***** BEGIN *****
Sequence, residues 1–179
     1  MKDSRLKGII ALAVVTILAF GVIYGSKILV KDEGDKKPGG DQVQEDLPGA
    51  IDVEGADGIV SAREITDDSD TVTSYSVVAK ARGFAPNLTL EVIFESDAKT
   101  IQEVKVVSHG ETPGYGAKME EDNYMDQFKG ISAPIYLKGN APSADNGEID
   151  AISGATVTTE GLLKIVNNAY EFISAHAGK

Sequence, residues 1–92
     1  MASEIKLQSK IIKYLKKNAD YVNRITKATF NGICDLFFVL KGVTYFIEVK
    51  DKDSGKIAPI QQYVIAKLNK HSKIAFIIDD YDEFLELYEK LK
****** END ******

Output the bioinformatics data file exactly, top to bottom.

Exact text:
Sequence, residues 1–179
     1  MKDSRLKGII ALAVVTILAF GVIYGSKILV KDEGDKKPGG DQVQEDLPGA
    51  IDVEGADGIV SAREITDDSD TVTSYSVVAK ARGFAPNLTL EVIFESDAKT
   101  IQEVKVVSHG ETPGYGAKME EDNYMDQFKG ISAPIYLKGN APSADNGEID
   151  AISGATVTTE GLLKIVNNAY EFISAHAGK

Sequence, residues 1–92
     1  MASEIKLQSK IIKYLKKNAD YVNRITKATF NGICDLFFVL KGVTYFIEVK
    51  DKDSGKIAPI QQYVIAKLNK HSKIAFIIDD YDEFLELYEK LK